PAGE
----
Now the hard part: Staying up-to-date on these sites and available appointments. Appointments can disappear minutes after they’re released, so in addition to the Twitter and Facebook resources, I’ve used two tools to try to catch them.
The first is a browser extension called Page Refresh. It will refresh the page you’re on every few seconds or minutes, without you clicking anything. I keep this open on my second monitor. It’s available for Google Chrome and Microsoft Edge (and similar extensions are available for other browsers). The Page Refresh developer says the extension doesn’t collect any user data.
One important tip: If you see an open appointment, stop the refresher ASAP. If it refreshes while you’re inputting information, you could lose your place.
That solution requires you to keep your eyes on the page. A tool called Visualping can do the watching for you. You tell the service’s website or browser extension what website to monitor, then you highlight the part of the site that you expect to change—in this case something that reads “no appointments” or “appointments booked.” If it changes, you get a computer notification or an email alert.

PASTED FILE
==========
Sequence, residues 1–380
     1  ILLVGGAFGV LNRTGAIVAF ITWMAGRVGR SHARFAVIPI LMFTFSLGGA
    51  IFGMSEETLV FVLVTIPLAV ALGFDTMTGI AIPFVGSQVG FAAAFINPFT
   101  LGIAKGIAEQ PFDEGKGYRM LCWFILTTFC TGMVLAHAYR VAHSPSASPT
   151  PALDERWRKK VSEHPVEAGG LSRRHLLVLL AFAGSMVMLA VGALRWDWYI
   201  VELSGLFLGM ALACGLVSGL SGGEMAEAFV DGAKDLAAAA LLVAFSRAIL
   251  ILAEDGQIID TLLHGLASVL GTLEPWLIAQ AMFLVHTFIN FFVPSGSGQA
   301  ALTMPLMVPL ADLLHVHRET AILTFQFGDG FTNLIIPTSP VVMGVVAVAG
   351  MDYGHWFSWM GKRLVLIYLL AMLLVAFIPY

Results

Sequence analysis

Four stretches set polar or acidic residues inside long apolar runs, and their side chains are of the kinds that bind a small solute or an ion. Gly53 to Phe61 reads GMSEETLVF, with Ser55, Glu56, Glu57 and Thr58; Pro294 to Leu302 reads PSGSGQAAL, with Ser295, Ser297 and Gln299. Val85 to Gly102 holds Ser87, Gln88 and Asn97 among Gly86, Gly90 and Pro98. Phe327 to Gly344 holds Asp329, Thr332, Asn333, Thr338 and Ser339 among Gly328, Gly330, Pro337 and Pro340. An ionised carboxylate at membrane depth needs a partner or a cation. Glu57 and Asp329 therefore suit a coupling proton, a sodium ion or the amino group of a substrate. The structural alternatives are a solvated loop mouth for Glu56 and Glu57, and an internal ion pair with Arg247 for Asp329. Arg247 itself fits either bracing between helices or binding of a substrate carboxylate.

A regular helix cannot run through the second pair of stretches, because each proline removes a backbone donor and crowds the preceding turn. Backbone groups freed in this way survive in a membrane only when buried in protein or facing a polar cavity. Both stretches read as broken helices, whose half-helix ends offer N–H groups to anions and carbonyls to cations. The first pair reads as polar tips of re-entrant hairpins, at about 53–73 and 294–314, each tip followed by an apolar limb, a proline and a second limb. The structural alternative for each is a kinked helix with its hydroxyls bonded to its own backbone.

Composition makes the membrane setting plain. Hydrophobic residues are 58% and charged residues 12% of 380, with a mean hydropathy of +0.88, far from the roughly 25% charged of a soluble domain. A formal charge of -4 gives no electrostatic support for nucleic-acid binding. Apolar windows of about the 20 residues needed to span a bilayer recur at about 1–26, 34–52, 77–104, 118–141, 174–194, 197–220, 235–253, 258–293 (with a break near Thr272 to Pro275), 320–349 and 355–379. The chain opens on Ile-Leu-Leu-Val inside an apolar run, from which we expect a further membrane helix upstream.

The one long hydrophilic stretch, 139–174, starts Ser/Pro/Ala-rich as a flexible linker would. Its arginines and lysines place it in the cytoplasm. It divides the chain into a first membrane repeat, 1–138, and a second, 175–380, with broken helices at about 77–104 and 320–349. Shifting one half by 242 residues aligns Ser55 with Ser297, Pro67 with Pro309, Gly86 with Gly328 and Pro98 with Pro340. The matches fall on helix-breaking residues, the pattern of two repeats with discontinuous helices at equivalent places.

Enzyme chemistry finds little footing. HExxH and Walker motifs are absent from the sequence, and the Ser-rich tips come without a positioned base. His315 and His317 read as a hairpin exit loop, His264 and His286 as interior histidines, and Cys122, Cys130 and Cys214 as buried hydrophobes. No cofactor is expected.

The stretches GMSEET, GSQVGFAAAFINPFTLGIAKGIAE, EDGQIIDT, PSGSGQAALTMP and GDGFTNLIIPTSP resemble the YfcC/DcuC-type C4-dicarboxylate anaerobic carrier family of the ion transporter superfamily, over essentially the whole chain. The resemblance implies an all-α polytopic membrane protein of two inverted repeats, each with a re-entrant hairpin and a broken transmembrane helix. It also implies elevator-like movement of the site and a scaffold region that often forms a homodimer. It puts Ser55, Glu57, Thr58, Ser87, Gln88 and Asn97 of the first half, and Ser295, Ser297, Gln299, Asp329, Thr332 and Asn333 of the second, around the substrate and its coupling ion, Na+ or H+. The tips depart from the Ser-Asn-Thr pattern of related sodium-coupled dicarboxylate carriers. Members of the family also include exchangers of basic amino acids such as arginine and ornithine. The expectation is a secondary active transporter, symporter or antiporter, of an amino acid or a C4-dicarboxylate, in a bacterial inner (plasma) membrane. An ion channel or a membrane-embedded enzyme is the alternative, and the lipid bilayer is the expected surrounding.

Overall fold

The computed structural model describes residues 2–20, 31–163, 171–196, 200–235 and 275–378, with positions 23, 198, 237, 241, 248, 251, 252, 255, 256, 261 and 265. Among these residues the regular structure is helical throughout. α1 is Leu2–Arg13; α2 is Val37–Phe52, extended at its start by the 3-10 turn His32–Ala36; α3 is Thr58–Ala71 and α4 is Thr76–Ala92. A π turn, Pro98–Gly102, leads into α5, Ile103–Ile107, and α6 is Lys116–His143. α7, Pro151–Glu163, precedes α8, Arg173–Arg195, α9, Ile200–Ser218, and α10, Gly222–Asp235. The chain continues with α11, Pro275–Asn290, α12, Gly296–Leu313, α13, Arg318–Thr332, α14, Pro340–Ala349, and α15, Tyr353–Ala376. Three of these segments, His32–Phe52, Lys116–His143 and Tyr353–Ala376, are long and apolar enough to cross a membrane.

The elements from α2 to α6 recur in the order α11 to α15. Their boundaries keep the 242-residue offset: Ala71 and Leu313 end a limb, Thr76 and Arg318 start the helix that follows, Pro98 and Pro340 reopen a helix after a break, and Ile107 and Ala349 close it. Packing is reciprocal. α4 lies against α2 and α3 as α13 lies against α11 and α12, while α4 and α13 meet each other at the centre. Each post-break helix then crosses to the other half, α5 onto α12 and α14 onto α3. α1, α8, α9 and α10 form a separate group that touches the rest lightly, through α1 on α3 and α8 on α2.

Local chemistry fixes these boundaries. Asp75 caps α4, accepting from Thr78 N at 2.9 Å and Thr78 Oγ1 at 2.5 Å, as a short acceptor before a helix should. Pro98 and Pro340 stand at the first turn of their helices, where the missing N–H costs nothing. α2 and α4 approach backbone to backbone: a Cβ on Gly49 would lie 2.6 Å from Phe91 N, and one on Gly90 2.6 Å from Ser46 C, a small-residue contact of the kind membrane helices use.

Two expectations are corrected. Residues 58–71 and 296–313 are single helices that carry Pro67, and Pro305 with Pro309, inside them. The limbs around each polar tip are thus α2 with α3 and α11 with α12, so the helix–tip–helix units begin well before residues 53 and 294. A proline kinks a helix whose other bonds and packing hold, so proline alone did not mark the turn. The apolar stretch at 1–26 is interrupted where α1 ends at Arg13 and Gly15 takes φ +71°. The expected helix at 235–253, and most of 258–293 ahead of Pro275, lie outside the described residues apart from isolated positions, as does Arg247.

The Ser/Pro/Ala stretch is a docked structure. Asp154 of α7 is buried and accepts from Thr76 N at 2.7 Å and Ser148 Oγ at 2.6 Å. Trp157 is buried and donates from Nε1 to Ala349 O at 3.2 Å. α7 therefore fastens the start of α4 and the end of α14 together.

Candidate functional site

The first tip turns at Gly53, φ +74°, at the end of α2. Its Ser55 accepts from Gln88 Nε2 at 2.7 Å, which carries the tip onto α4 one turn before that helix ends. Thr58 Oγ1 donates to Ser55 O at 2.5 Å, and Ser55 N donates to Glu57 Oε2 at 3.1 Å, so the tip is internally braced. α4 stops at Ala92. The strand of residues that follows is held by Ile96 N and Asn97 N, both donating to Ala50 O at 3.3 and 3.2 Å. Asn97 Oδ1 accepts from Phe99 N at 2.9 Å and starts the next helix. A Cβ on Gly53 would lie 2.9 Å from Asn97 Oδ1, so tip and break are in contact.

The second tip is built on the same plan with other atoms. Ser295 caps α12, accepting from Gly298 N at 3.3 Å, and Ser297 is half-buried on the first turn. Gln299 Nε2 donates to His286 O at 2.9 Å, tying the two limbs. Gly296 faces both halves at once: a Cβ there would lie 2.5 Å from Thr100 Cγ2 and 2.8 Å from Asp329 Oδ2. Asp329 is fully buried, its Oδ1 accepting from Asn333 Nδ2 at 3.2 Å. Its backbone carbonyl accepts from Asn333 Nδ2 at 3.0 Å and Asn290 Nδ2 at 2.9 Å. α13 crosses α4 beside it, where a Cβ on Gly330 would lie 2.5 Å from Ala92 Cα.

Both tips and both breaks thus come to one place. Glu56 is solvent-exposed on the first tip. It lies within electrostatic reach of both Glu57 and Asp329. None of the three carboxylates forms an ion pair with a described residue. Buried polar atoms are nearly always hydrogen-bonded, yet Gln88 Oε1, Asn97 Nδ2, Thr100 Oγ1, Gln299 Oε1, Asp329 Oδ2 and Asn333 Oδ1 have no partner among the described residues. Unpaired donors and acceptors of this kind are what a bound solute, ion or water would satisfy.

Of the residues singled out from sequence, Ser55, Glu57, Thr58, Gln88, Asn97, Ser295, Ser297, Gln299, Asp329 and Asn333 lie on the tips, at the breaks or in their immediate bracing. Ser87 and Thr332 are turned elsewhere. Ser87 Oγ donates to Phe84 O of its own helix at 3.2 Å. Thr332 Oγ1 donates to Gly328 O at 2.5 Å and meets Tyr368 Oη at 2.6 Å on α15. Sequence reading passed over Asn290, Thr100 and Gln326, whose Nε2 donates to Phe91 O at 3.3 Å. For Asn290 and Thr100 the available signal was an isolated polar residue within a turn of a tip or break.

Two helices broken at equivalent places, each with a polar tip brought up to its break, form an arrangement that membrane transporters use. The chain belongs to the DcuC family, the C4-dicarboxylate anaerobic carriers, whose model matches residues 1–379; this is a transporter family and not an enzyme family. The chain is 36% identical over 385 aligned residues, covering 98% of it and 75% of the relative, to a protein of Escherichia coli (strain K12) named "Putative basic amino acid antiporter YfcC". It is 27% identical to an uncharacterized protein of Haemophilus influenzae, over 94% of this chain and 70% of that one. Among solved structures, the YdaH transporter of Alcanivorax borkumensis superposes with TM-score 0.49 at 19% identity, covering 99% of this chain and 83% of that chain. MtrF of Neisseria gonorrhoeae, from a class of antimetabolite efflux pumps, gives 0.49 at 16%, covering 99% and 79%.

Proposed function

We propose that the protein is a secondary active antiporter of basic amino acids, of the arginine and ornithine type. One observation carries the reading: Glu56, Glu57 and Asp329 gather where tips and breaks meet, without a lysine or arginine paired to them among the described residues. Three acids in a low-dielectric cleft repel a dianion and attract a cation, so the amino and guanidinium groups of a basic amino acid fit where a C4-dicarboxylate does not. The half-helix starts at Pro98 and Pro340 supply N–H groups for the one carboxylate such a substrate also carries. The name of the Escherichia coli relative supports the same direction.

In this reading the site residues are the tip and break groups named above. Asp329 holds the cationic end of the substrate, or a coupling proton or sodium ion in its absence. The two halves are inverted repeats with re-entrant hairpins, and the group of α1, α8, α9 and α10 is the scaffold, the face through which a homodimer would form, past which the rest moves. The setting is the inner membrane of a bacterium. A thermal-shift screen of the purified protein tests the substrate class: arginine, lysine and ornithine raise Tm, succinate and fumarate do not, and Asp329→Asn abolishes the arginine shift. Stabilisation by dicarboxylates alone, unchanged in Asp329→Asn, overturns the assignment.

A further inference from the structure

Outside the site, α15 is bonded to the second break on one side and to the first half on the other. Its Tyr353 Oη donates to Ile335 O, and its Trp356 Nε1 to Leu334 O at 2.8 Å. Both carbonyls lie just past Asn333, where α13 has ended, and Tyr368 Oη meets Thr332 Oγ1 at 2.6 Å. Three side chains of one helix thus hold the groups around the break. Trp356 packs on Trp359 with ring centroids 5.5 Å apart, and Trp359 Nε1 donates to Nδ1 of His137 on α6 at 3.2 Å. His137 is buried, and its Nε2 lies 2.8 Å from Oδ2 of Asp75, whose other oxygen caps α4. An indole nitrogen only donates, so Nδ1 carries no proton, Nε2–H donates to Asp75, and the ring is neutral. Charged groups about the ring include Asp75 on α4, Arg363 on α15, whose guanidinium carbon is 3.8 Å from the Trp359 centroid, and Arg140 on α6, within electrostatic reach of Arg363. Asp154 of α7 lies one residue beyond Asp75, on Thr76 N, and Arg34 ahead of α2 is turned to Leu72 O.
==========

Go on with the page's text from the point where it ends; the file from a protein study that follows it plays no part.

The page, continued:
For sites such as Walgreens and CVS that require your ZIP Code to check for open appointments, you can set that up with Visualping’s advanced tools as well.
The free version of Visualping lets you watch two websites, but it only scans once a day. That isn’t going to cut it. I tried the $58-a-month version, which scans every five minutes, and caught an email that led me to a successful booking on a hospital’s website. The free browser extension is more economical: It allows you to set the cadence to a minute but you’ll have to be at the computer to receive the notification—no email alerts. Visualping created this tutorial and list of Covid-19 vaccine sites to monitor.
Step 5: Book
And then…you wait. When that appointment pops up, breathe. It gets intense. According to my Apple Watch, my heart rate has risen five to 10 beats a minute when I’m booking.
Move as fast as you can but not so fast that you don’t read the messages and the prompts. None of the sites are as slick as Ticketmaster, with that helpful booking timer.
Generally, you can skip adding insurance info. If it’s needed, you can show it at the appointment. And if you have the option to choose from a variety of days and times, don’t choose the first slots. Go for something in the middle, where demand isn’t as intense. Most people try to book the first available appointment, Kris said.
Whatever happens, please just remember: It isn’t you; it’s the Covid-19 vaccine-booking website. You’re smart, you’re capable and you’re damn good at computers.